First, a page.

Using the zebrafish, a model organism widely used in genetic studies, researchers have found that when it comes to social interactions with other fish, individual zebrafish learn to prefer one fish color pattern over another according to their early experience with these patterns. The work extends the utility of zebrafish to studies of behavior and evolution and is reported by University of Texas researchers Raymond E. Engeszer, Dr. David M. Parichy, and Dr. Michael J. Ryan.
Social behavior has long been of interest to biologists and psychologists alike. The studies reported this week suggest that the extensive knowledge of zebrafish genetics will afford researchers an opportunity to see how genes, development, and environment lead to behaviors that mediate social interactions.
The investigators examined the way fish choose their consorts during the formation of loose social aggregates, called shoals, and they exploited the developmental genetic resources of this biomedical model organism to manipulate the appearance of the fish. Fish were chosen to have drastically different color patterns, either blue and gold stripes or an absence of stripes and a uniform mother-of-pearl color. This difference was the result of a single DNA base change in the fishs genome. To determine whether genes or the environment determine individuals preferences, the investigators raised subject fish either with other fish of their own color or with fish of the alternate color. When subject fish were later allowed to choose which color of fish to associate with, they greatly preferred whichever color pattern they had been raised with, irrespective of their own color. This learned social preference could have enormous impacts on the survival and reproductive success of individual fish. This work represents a first step in using the zebrafish and the tools of developmental genetics to investigate long-standing questions concerning the impact of behavior on evolution.
Heidi Hardman | EurekAlert!
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The Institute of Semiconductor Technology and the Institute of Physical and Theoretical Chemistry, both members of the Laboratory for Emerging Nanometrology (LENA), at Technische Universität Braunschweig are partners in a new European research project entitled ChipScope, which aims to develop a completely new and extremely small optical microscope capable of observing the interior of living cells in real time. A consortium of 7 partners from 5 countries will tackle this issue with very ambitious objectives during a four-year research program.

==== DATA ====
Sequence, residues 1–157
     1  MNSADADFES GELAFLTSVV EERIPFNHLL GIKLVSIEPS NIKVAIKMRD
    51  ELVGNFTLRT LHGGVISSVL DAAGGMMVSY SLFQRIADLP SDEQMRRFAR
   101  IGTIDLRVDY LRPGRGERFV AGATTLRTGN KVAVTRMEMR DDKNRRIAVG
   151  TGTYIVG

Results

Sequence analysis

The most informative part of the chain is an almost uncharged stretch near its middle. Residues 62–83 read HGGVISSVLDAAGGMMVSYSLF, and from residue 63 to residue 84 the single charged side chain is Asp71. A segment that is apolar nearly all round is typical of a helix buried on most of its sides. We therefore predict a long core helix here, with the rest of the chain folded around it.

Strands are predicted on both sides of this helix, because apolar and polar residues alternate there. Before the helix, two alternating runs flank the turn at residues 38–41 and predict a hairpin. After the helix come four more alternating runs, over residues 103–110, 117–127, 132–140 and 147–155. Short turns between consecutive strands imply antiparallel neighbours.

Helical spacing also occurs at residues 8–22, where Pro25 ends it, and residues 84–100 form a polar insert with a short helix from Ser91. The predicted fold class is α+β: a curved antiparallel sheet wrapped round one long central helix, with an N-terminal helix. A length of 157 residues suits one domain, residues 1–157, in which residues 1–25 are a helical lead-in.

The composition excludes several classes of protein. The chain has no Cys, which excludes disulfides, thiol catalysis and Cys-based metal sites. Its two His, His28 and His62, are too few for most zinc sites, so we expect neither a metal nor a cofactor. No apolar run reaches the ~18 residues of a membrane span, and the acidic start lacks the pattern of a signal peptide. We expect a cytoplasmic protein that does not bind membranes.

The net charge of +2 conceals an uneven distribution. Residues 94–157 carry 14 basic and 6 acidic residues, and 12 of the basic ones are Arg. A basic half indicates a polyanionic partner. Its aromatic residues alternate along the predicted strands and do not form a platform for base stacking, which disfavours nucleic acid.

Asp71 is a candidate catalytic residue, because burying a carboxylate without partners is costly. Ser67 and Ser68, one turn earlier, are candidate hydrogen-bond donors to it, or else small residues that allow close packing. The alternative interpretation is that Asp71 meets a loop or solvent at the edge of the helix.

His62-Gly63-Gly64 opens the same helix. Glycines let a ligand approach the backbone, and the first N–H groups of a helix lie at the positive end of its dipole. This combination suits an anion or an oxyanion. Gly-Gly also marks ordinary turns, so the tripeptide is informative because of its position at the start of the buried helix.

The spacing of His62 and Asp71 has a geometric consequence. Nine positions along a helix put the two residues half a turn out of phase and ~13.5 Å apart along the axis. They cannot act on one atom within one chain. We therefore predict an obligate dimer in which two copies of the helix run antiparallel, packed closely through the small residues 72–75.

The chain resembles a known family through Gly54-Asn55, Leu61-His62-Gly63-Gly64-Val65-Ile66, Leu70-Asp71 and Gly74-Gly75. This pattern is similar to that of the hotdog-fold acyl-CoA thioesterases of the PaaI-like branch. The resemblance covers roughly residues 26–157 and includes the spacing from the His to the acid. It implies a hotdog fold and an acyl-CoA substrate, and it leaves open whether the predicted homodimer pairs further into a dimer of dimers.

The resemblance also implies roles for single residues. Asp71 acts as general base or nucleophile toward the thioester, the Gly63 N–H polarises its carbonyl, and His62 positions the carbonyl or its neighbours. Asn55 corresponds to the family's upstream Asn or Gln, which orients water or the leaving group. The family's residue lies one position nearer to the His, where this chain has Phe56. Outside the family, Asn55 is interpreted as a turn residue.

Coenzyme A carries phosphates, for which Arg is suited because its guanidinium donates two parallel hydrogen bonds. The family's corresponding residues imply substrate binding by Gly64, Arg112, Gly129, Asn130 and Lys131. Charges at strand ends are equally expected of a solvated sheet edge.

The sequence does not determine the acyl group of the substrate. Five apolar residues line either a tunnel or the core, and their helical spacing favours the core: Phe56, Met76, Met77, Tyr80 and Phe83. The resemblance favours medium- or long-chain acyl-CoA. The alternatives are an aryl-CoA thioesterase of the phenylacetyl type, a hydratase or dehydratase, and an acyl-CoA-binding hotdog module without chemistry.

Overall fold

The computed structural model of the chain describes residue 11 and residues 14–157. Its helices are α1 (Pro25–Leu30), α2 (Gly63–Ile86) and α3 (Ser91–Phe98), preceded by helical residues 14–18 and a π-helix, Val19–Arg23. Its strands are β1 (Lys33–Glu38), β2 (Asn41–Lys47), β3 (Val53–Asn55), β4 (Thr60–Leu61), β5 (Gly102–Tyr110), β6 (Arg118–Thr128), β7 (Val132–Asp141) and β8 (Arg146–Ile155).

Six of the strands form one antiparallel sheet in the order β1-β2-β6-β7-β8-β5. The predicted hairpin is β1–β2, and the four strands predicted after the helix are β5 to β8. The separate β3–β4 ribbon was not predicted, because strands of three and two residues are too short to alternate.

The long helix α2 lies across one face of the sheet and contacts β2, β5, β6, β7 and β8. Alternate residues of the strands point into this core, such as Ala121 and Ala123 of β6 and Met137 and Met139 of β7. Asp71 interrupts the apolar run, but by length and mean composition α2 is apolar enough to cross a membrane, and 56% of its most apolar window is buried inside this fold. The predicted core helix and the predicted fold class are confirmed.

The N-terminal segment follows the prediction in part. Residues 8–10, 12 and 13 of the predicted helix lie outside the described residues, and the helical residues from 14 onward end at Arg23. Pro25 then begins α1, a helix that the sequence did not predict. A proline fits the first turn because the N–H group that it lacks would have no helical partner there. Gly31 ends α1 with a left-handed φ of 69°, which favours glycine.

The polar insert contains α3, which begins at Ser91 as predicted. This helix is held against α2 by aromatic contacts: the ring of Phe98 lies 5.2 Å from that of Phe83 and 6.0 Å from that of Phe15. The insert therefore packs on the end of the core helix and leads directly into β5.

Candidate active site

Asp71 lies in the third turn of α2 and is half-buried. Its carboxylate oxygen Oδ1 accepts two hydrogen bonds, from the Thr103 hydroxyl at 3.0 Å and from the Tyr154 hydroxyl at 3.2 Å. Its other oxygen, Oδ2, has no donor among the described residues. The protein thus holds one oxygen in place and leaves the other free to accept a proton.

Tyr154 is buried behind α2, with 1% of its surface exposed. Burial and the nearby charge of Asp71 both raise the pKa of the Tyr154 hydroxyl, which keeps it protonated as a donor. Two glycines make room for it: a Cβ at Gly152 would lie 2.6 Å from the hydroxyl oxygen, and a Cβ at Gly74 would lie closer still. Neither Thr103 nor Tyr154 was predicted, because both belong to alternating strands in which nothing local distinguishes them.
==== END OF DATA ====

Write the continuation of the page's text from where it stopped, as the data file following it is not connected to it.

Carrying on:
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Astronomers from Bonn and Tautenburg in Thuringia (Germany) used the 100-m radio telescope at Effelsberg to observe several galaxy clusters. At the edges of these large accumulations of dark matter, stellar systems (galaxies), hot gas, and charged particles, they found magnetic fields that are exceptionally ordered over distances of many million light years. This makes them the most extended magnetic fields in the universe known so far.
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Researchers at the Goethe University Frankfurt, together with partners from the University of Tübingen in Germany and Queen Mary University as well as Francis Crick Institute from London (UK) have developed a novel technology to decipher the secret ubiquitin code.
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Silicon nanosheets are thin, two-dimensional layers with exceptional optoelectronic properties very similar to those of graphene. Albeit, the nanosheets are less stable. Now researchers at the Technical University of Munich (TUM) have, for the first time ever, produced a composite material combining silicon nanosheets and a polymer that is both UV-resistant and easy to process. This brings the scientists a significant step closer to industrial applications like flexible displays and photosensors.
Silicon nanosheets are thin, two-dimensional layers with exceptional optoelectronic properties very similar to those of graphene. Albeit, the nanosheets are...
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